Cottonwood Masters the Squirrel (and a few other items, too)
I looked at the cardboard caddy on the table in front of me as if it were an alien spacecraft containing creatures that I'd never before seen or heard of. Ketchup? From what distant land do you come? Tabasco? Why are you here, invading my quiet corner of the earth? Suddenly, these classic condiments were like foreign objects, and I had no concept of or use for them in my meal.
That's how perfect the poblano-stuffed, bacon-topped Squirrel Master Burger is at Cottonwood Bar. There was no need for anything else to adulterate and no doubt mar the impeccable balance of the flavors that serenaded my taste buds from the first heavenly bite. Never before had I been tempted to fling a red plastic squirt bottle across a table, but now I wanted to stand tall on the outdoor picnic table and proclaim to the crowd: "Put down the condiments! They are useless to you! Nothing can be done to improve upon the burger before you, so don't insult it by trying!"
It's difficult to pinpoint one individual quality of the Squirrel Master Burger that elevates it beyond basic burger to masterpiece of meaty modeling. There are the smoky slices of dark green poblano peppered throughout the 100 percent Angus beef patty hand-formed by chef Daniel Ajtai. There's the thick layer of creamy pepper jack gently hugging the browned beef. There's crispy bacon and a flawlessly fried egg dotted with bright green flecks of fresh jalapeño. When you take the top half of the toasted bun and set it atop the fried egg, gently pressing to ensure it stays put, the thin film on the sunny yolk bursts and the buttery yellow center oozes out over the burger.
Again, I ask: Why would anyone meddle with a masterpiece like this?
I have lamented in the past the slow disappearance of the basic burger in favor of over-the-top flavor combinations and burgers piled so high that there's no conceivable way to wrap one's mouth around them without dislocating one's jaw. I still believe that the burger itself should be the star of the show, rather than relying upon supporting characters like bacon or peanut butter to do the heavy lifting. But I've warmed slightly to the notion of the gourmet burger now that I've had so many stunning examples here in Houston, and the burgers at Cottonwood have played a big part in my indoctrination into the Berserk Burger Club.
Cottonwood isn't a burger restaurant, though. I don't think the place would even want to be called a restaurant. It's first and foremost a bar, a craft-beer joint, an expansive patio with a great brew selection that just happens to serve pub food beyond what the term "pub food" usually implies. The food is carefully constructed to be paired with one (or more) of the 33 beers on tap, which means the bar food is less an afterthought and more a reason to stay and drink just a while longer.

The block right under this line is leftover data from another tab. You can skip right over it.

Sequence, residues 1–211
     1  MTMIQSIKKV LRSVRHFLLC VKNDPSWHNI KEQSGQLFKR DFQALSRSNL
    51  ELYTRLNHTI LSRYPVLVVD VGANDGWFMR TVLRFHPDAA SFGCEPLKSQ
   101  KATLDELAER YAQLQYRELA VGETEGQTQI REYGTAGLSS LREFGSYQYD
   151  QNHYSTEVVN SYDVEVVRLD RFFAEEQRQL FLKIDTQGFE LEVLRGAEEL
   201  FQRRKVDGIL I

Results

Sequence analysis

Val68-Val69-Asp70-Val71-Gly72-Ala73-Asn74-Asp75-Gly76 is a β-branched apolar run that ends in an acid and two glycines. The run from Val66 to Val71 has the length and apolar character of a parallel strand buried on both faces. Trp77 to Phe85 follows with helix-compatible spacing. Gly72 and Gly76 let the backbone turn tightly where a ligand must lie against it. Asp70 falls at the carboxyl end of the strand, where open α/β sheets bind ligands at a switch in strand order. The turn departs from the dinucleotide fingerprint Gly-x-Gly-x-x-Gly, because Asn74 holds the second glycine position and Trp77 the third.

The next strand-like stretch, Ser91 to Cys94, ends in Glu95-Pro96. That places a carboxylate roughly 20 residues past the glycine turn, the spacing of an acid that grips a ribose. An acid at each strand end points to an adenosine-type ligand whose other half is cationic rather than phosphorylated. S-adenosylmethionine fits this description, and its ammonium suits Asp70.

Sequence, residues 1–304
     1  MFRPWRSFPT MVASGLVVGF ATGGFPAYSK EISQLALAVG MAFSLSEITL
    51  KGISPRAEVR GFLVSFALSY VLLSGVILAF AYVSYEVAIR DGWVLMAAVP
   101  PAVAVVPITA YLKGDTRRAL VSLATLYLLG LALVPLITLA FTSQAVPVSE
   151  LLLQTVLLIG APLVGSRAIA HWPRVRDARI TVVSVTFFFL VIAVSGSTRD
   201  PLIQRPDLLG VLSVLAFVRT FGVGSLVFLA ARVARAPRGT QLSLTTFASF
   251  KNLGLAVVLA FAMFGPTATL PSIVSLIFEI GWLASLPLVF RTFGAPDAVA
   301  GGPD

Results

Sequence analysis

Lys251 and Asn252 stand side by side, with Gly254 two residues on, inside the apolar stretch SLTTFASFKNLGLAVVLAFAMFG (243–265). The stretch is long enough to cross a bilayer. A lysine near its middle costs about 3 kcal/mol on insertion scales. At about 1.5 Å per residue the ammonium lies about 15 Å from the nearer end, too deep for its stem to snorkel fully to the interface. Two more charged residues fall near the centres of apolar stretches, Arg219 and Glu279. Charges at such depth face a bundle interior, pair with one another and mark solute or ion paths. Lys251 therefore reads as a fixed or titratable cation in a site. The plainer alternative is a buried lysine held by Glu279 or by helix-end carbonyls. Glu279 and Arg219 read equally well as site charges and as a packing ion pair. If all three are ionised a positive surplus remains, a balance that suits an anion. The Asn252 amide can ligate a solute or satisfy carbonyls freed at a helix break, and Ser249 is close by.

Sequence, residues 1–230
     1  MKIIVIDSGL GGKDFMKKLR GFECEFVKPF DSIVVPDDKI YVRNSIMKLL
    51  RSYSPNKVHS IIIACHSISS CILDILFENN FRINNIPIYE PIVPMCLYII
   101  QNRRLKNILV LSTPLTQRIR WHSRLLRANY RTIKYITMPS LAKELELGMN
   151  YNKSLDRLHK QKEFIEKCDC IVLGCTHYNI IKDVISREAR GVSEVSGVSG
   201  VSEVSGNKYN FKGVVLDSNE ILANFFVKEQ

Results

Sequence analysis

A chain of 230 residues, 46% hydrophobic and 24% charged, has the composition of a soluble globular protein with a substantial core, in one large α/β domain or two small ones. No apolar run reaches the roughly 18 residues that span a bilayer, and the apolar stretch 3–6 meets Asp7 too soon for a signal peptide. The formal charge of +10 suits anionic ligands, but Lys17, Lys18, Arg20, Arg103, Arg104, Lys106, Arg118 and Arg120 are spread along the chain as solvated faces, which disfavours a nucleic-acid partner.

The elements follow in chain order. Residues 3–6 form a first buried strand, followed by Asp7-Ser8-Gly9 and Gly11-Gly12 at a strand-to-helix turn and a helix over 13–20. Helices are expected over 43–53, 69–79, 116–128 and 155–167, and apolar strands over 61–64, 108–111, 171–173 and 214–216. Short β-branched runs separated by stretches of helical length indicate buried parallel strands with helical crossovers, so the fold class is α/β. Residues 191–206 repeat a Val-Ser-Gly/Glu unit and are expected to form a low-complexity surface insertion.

If you aren't looking for Cottonwood, it's easy to drive right past it, because it's tucked away on a short offshoot of Shepherd that dead-ends at a railroad track north of 610 in Garden Oaks. When you look up the building on Google Maps, you can recognize the Alamo-shaped facade in the image, but it's abundantly clear how much work has been done on the space since Charles Bishop of Liberty Station and Rob and Sara Cromie of Picnic and The Raven Grill purchased it in the summer of 2012. The building was once a drab, graffiti-covered shell surrounded by a chain-link fence lining an empty, overgrown lot. Today it's a vibrant space with strings of glowing lights, warm, inviting colors and people of all ages playing outdoor games and slipping bits of burger to dogs lounging under picnic tables.
Inside Cottonwood, squirrel sculptures and silhouettes peek out from behind sample beer bottles lining the top shelf above the taps, a clear nod to the rodent that is depicted on Cottonwood's logo. The long bar is backed with reclaimed wood and a massive chalkboard that notes, in ornate, colorful script, the beer available on tap and the rotating cocktail specials. Whimsical and futuristic light fixtures cast a golden glow on the bar, while the color scheme of avocado and carrot-orange gives the joint a retro vibe. Outside on the 2,000-square-foot patio there are rows of wooden picnic tables, old metal signs from breweries and soda companies, and enough games to keep anyone — children, adults and even dogs — occupied for hours.
In this way, Cottonwood is more, even, than restaurant or bar. It's a veritable entertainment venue. There's foosball, oversize wooden Jenga towers, corn hole, bocce ball, big-screen TVs and a stage for live music. But don't mistake the place for a wild party venue seven nights a week. Game days can get pretty rowdy when the Texans are projected on a huge screen for the entire bar and parking lot to see, but otherwise it's a chill spot where Garden Oaks families and craft-beer aficionados alike can enjoy the cool fall nights under twinkling lights.